And I cant come up with a good idea for the straight "piping". It seems like the top image used some kind of model kit? Does anyone know of some wire that could be used?


I am less concerned about the actual bar unit, cos I am thinking of using foam board or balsa wood for that.

Thanks in advance.

Does anyone have any good ideas?
 
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This might be a ridiculous question, but have you considered casting IG-88's head? It'd be fairly easy and that way you could have multiples without spending a fortune. Granted you'd have to buy the materials which I guess could cost the same as buying a few guys, but then at least you'd have the ability to mold and cast other stuff.

The piping I would say just go with the styrene piping or tubing...easiest and cheapest. Just a few thoughts for you...

Good luck!
 
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So has anyone tried to make lighted "neon type" signs. Like the kind that might be seen on Coruscant or other city planets. I was thinking about using clear acrylic and some colored LEDs. Also what might be the best way to make the aurebesh letters...any ideas? Thanks
Surprised I just noticed this! The easiest way I've found is to make the neon sign out of wire, like paperclip wire, paint it in fluorescent paint and light it with a black light LED. Don't have any pics, but it looks awesome!
 
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Just curious - has anyone tried using corrugated plastic sheets rather than foam board when making dios? It seems it would be much more sturdy, but I'm not sure if there are reasons not to use it...
when you say corrugated do you mean like HIPS? High Impact PolyStyrene Sheets?

I know certain styrene you can thermoform and change its shape as well, (which is how some costumes are made iirc.. but dont hold me to it im no cosplayer) I've been interested in making dio's with Polystyrene rather then foamboard as well. Not that I'm knocking foamboard I use it to but I to have wanted to start using HIPS for more shipbuilding/dio making ... ala the Executor's bridge.

for an example is Wbobafett's styrene sheet made Khetanna sail barge thread... here
 
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So I wanted to throw together a quick death star diorama and what better way than to use niub niubs decals...except I'm at a loss for the floor. Where do I purchase that high gloss vinyl he uses?? Any help would be appreciated.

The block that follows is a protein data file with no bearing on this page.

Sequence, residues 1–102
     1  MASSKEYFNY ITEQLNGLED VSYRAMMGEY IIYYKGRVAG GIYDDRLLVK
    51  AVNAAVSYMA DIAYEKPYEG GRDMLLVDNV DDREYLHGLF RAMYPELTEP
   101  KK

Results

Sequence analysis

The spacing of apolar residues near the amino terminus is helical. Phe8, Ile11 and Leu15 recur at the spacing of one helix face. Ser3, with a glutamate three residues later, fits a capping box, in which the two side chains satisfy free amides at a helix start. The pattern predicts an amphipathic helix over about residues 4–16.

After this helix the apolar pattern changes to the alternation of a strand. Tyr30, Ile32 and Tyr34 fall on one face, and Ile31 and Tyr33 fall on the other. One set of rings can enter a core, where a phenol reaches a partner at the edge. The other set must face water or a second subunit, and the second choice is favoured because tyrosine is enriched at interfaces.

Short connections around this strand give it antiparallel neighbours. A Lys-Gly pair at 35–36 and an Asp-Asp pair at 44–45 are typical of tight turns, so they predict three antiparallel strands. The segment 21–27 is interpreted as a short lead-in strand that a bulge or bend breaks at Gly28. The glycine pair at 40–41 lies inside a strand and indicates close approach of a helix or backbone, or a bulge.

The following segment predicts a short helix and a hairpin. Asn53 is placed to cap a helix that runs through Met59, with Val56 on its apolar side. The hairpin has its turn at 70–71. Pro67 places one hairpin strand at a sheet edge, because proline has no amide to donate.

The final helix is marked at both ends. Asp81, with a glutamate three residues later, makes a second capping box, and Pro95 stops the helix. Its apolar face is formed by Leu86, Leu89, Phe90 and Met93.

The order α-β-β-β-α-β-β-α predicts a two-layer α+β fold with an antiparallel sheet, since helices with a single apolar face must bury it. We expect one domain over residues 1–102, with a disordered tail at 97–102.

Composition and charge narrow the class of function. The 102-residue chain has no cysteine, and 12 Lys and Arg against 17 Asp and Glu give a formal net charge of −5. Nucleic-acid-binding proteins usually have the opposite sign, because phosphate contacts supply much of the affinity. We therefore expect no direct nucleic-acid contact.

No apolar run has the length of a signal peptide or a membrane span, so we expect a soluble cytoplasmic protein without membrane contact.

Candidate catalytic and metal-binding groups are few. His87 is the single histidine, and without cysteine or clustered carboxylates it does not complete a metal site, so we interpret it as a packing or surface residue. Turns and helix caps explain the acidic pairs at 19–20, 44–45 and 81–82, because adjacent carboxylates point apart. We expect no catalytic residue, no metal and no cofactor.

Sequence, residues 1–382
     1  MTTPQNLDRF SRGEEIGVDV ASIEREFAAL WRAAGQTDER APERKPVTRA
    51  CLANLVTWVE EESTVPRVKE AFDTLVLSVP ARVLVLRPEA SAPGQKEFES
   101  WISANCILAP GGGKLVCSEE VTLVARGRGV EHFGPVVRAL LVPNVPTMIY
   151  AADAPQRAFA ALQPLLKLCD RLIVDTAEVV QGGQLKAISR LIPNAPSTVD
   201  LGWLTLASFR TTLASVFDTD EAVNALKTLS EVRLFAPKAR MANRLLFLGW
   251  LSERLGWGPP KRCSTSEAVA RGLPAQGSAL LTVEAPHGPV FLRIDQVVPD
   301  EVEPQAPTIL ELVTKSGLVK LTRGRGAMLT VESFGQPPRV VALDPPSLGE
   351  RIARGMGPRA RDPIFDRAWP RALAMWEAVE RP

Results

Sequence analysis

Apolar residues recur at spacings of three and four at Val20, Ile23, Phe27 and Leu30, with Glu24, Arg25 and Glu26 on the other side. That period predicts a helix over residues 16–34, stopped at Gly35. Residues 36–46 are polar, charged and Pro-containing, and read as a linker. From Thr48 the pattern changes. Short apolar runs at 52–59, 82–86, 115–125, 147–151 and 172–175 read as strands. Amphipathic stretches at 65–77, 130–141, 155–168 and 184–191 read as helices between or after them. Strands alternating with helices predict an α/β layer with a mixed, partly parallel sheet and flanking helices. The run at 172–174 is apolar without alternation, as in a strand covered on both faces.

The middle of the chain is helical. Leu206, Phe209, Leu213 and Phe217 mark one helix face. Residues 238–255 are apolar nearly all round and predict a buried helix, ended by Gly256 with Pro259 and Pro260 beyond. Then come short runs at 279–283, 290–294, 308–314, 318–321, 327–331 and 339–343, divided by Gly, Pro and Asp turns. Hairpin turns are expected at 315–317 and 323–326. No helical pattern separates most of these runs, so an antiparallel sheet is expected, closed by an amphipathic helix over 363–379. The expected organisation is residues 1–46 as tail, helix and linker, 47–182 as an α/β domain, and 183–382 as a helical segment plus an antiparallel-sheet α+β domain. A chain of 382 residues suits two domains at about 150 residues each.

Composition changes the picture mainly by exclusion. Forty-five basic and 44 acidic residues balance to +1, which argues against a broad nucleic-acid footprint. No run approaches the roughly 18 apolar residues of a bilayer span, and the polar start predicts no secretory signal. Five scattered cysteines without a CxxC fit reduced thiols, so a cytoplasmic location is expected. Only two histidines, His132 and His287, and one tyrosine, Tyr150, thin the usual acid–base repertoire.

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IDK, but I think what you want is
[h=1]Avery Opaque 500 Promo Vinyl A4[/h]Info here. I'd ask for help. I don't think you need to buy the whole roll. There is also chalkboard vinyl, but that isn't glossy. It might be near the cutting machines (crickcut)
 
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Within the last week I'm positive I've seen the stuff you're looking for on Eric Stormtrooper's website, Maverick. I can't put my finger on where, but I was just killing time going through his diorama tutorials.
 
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Yeah I'm no help, lol, it was Niub Niubs Dioramaworkshop.com that I was on, not erik stormtroopers page. Sorry!
 
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Speaking of Erik's storm trooper page....has anyone else noticed just how lacking it is in custom figures websites. There used to be a ton. Look at the rebelscum customized cross road links page. They are all dead. It's sad.
 

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Any luck finding some?

I find that most if the sites I've been interested in have slowly died. Niubniub hasn't updated his custom sections for TFA (as of a month ago). It isn't just SW stuff either.
 
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Dio stuff worth noting:

Block Posters. (create your own action figure backdrops) I made a Hall of Justice & a moon Earthrise picture. It adds a logo now but the older version did not. Message me if you want a copy.
http://www.blockposters.com/

Not Star Wars but this has a few good 1:18th & 5" figure dio backdrops including a GreySckull, Star Trek Dr Who & IJ.
http://www.aftdownloads.co.uk/

Joe Dios also has a few floors, walls etc that can be made into larger dios.

A google image search will also give a good selection of patterns for custom dios.